Professor Jailani spoke on strategies which could help Malaysia boost its education system to meet the needs of the people and become a world-class educational hub. The R&D excellence initiatives began with the ‘National Higher Education Strategic Plan (NHESP)’ which was launched in 2007. The NHESP is now in phase 2 of the implementation stage (2011 – 2015) and has yielded some positive results. However, there is still much to be done in order for NHESP to achieve its intended target. Among the issues that Professor Jailani covered in his keynote speech were the ‘Research University (RU) programme’ and its impact on driving Malaysia’s R&D excellence initiatives; the ‘Higher Institutions Center of Excellence (HiCOE)’ programme; and management of research funds such as the ‘Fundamental, Long-term, Exploratory and Prototype Development Grant Scheme (FRGS, LRGS, ERGS and PRGS)’. Some key points on the way forward for MOHE in pursuing its research excellence agenda were also presented in his speech.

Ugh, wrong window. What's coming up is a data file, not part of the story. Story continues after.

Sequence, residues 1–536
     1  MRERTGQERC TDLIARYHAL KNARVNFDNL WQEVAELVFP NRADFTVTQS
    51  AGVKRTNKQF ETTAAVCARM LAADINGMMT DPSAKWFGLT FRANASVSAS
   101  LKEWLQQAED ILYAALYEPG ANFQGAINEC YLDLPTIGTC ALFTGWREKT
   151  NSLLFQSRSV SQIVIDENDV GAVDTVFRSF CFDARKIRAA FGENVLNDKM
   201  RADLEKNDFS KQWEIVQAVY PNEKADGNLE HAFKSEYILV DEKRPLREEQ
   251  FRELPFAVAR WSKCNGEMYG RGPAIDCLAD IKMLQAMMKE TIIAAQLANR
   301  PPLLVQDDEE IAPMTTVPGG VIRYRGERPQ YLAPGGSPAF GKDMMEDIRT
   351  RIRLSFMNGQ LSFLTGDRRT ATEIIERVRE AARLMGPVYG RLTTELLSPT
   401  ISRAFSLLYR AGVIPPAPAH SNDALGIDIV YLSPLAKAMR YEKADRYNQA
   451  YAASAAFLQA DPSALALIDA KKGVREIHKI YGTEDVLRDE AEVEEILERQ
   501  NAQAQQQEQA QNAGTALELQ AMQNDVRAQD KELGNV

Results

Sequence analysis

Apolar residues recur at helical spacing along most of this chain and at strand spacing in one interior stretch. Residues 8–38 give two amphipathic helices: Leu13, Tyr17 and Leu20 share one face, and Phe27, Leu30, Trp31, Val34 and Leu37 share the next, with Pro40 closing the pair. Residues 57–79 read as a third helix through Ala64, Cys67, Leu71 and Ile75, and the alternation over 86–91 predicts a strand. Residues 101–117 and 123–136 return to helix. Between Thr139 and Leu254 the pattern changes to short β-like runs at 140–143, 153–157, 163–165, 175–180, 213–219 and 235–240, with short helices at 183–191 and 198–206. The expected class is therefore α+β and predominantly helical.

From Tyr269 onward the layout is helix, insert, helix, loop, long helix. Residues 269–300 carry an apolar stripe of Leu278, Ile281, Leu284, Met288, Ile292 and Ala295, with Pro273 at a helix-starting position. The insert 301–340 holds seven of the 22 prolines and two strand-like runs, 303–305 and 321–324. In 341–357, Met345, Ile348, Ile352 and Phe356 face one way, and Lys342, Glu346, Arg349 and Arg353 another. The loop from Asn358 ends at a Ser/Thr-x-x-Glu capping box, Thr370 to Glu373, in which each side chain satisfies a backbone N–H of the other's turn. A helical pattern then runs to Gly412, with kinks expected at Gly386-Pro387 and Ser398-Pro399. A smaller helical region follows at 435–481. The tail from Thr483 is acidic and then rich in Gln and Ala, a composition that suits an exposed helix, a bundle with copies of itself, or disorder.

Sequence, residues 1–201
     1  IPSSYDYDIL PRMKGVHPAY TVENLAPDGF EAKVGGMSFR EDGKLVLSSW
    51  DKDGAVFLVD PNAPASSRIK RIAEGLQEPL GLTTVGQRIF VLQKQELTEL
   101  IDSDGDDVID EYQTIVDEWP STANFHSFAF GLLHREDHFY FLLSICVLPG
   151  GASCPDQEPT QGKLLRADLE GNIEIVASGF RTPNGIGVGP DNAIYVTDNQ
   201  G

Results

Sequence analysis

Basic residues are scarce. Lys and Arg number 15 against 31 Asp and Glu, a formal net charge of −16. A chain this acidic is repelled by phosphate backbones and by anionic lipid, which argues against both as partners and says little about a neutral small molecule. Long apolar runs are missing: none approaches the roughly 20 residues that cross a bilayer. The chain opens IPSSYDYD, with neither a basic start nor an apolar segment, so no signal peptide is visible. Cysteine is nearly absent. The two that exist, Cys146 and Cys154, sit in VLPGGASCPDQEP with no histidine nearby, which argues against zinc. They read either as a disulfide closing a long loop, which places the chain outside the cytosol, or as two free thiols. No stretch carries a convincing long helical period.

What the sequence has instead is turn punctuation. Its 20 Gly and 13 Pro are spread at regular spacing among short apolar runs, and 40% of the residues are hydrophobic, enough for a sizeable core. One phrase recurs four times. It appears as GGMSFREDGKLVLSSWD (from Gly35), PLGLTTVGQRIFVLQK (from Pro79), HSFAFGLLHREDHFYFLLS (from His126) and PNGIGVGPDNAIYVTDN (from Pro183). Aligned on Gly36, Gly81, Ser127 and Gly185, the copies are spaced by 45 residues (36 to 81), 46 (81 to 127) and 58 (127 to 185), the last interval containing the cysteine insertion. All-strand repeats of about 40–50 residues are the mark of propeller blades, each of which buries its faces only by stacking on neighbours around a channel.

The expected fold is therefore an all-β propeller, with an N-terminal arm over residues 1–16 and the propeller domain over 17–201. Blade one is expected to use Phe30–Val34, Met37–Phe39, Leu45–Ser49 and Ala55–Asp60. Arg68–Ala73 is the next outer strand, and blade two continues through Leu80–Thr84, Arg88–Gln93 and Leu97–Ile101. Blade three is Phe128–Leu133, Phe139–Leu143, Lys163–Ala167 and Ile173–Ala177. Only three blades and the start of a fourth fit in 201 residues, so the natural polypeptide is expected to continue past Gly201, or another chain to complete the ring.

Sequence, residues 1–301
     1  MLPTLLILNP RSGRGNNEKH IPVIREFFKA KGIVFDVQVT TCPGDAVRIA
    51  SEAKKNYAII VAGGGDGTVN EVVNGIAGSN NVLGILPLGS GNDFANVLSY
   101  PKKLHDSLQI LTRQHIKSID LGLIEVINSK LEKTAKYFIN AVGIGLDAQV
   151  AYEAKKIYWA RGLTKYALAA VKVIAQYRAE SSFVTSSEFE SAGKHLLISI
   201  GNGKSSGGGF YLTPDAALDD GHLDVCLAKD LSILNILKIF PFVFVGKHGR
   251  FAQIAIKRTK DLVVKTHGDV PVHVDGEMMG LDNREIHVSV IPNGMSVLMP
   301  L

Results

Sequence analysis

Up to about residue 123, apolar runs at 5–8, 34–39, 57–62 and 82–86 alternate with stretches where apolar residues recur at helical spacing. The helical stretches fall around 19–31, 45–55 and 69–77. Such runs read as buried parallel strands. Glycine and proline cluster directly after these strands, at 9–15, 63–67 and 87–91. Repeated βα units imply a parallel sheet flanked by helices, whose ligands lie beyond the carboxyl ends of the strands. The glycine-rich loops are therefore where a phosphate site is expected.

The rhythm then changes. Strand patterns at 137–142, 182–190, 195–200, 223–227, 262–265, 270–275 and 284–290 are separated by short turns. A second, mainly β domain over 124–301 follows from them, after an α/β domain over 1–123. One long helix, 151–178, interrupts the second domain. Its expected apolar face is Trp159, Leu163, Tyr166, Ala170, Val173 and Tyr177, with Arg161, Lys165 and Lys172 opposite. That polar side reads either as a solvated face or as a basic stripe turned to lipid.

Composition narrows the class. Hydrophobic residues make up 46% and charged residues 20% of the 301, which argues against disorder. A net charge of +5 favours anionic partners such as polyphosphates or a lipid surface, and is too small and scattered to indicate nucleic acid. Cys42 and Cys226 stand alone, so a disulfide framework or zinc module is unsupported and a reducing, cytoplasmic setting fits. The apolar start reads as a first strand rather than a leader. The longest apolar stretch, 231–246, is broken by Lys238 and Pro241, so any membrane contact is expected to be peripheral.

Said Prof Dr. Hamzah A. Rahman, Deputy Vice Chancellor of Research and Innovation, University of Malaya, “The purpose of this conference is to foster dialogue among academics about the academic culture we are trying to nurture within the University of Malaya. This university has conceived and is implementing a road map to develop an academic environment where sound scholarship is actively encouraged and supported. However, we feel more can – and should – be done to support and acknowledge sound scholarship and excellent teaching where knowledge is imparted to young minds that come to us for tutelage. We take very seriously our responsibility to mould young minds that look to us for training, to develop their disciplinary focus as well as their analytical and creative thinking skills. We are acutely aware that such knowledge can only be transferred to our students if we, the faculty, are actively engaged in research that culminates in new knowledge, one that is acknowledged by our peers as a contribution to our discipline as well as to society.”
Said Dr Wong Woei Fuh, Managing Director, Asia, Thomson Reuters, “We are very pleased to co-organise our first conference with the University of Malaya, one of Malaysia’s leading universities. As a trusted partner of the global research community for more than half a century, we believe it’s important to engage with the various stakeholders of research management in open discussions about research excellence and research evaluation.”